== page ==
Without taboos there is no means for training the will or achieving discipline. The child's experience of being surrounded by taboos cannot be set down to an arbitrary high-handedness of parents or culture but is an indispensable necessity arising from a need of the psyche to develop adequate ego functioning.
E.C. Whitmont -- The Symbolic Quest

A. Protect the Work from contamination by inferior elements.

B. "Hold that line! Block that kick!"


Legge: The third line, dynamic, shows one from whose buttocks the skin has been stripped so that he walks with difficulty. The position is perilous, but there will be no great error.

Wilhelm/Baynes: There is no skin on his thighs, and walking comes hard. If one is mindful of the danger, no great mistake is made.

Blofeld: His haunches have been flayed and he walks totteringly -- trouble, but no great error!

Liu: He loses skin on his thighs and walks with difficulty. Danger. No great mistake.

Ritsema/Karcher: The sacrum without flesh. One moves the resting-place moreover. Adversity. Without the great: fault.

Shaughnessy: The buttocks has (Sic) no skin; his movements are hither and thither; danger; there is no great trouble.

Cleary (1): No flesh on the buttocks, having trouble walking. If one is diligent in danger, there’s no great fault.

Cleary (2): With no flesh on the buttocks, the walk is halting. There is danger, but no great fault.

Wu: His buttocks have no skin. He hobbles along. He is in a precarious situation, but makes no big error.



Confucius/Legge: He walks with difficulty, but his steps have not yet been drawn into the course of the first line. Wilhelm/Baynes: He still walks without being led. Blofeld: Being able to walk without being dragged. [Despite rather severe trouble, for which we are not much to blame, we shall manage to get along somehow.] Ritsema/Karcher: Moving, not-yet hauling-along indeed. Cleary (2): The walk is halting because it is unconnected. Wu: He does not lead the sheep away.

Legge: Compare this line with line four of the preceding hexagram. Line three is dynamic, but has gone beyond the central place and has no correlate above. He is cut off from the first line by the intervening second line, and therefore cannot do much against her. But since his aim is to repress her, there will be no great error.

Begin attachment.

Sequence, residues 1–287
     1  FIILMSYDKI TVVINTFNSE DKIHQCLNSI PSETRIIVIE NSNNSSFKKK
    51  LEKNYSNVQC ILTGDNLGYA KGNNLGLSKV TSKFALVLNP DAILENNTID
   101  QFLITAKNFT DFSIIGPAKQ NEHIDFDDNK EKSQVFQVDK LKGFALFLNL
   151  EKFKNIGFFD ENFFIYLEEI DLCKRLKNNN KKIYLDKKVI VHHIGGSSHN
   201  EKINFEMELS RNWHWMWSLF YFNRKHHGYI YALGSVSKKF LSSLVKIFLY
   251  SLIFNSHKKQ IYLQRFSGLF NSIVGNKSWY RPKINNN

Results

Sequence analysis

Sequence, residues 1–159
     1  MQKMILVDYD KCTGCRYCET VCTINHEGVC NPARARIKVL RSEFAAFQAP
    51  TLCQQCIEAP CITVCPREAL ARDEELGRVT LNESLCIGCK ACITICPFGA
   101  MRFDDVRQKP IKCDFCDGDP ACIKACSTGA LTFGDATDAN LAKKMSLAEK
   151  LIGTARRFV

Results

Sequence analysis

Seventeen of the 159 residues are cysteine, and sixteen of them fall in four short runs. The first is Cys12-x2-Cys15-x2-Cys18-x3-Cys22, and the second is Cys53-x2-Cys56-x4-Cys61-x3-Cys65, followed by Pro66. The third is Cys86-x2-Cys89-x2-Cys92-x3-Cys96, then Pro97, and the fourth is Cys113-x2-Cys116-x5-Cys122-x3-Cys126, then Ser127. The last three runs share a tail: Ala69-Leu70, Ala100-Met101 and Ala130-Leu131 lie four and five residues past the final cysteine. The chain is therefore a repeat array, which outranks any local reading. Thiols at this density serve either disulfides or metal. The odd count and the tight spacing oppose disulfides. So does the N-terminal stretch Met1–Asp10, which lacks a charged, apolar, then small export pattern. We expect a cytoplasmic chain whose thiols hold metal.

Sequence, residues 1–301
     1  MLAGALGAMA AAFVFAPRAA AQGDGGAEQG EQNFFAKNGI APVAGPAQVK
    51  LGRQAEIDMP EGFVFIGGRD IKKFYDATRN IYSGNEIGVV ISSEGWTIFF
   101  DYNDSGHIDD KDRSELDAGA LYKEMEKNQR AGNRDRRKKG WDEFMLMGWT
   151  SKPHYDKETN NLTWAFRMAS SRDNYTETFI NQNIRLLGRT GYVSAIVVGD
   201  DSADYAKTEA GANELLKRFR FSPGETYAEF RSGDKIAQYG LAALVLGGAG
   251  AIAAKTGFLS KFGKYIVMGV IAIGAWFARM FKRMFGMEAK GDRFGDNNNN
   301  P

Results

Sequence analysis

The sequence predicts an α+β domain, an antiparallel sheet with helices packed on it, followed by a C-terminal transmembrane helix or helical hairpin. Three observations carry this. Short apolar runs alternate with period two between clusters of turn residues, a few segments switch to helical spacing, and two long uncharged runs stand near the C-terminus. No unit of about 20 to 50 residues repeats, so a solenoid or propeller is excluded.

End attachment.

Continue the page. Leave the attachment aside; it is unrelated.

Liu: The man is tempted to join with the inferior element. Circumstances prevent this, leaving him with a painful decision. The position is perilous, but a clear insight will prevent great errors.

Wing: Although you are tempted to fall into an inferior situation, you are held back in spite of yourself. You must now resolve this indecisive conflict. Give it a great deal of thought, gain some insight, and you can avoid mistakes.

Editor: Line four of hexagram number forty-three also describes "One from whom whose buttocks the skin has been stripped.” Since hexagram forty-four and hexagram forty-three are upside down images of each other, it is interesting to note that lines three and four swap places with very similar images. Note the difference between them however -- in the present instance no blame is attached to the position. It is a good rendering of the stresses of temptation, of the discipline required to resist any compulsion. Sometimes the line suggests that you may only be able to affect the situation in a limited way. At its most neutral, it's an image of walking a tough path.

But it is to be known that no one is regenerated without temptation; and that many temptations succeed, one after another. The reason is that regeneration is effected for an end; in order that the life of the old man may die, and the new life which is heavenly be insinuated. It is evident therefore that there must certainly be a conflict; for the life of the old man resists and determines not to be extinguished; and the life of the new man can only enter where the life of the old is extinct.
Swedenborg -- Arcana Coelestia

A. A difficult position. Cope with care and sensitivity. Don't surrender to circumstances.

B. You have not yet yielded to temptation and can still escape its consequences.


Legge: The fourth line, dynamic, shows its subject with his wallet, but no fish in it. This will give rise to evil.

Wilhelm/Baynes: No fish in the tank. This leads to misfortune.

Blofeld: No fish in the bag -- this gives rise to misfortune.

Liu: No fish in the kitchen -- that brings misfortune.

Ritsema/Karcher: Enwrapping without fish. Rising-up: pitfall.

Shaughnessy: The wrapper has no fish; to be upright is inauspicious.

Cleary (1): No fish in the bag causes trouble.

Wu: There is no fish in the wrapping. If he raises an issue here, it will be foreboding.



Confucius/Legge: This is because he keeps himself aloof from the people. Wilhelm/Baynes: The misfortune comes from his having kept aloof from the people. Blofeld: Misfortune in the sense of being remote from the people. Ritsema/Karcher: Distancing the commoners indeed. Cleary (2): The misfortune of having no fish is that of alienating people. Wu: He is far from it.

Legge: The fourth line is the proper correlate of line one, but she has already locked horns with line two, leaving four to stand alone. It is implied that this isolation is owing to his impatience. If he could exercise forbearance, he would find a proper opportunity to check the first line's advance.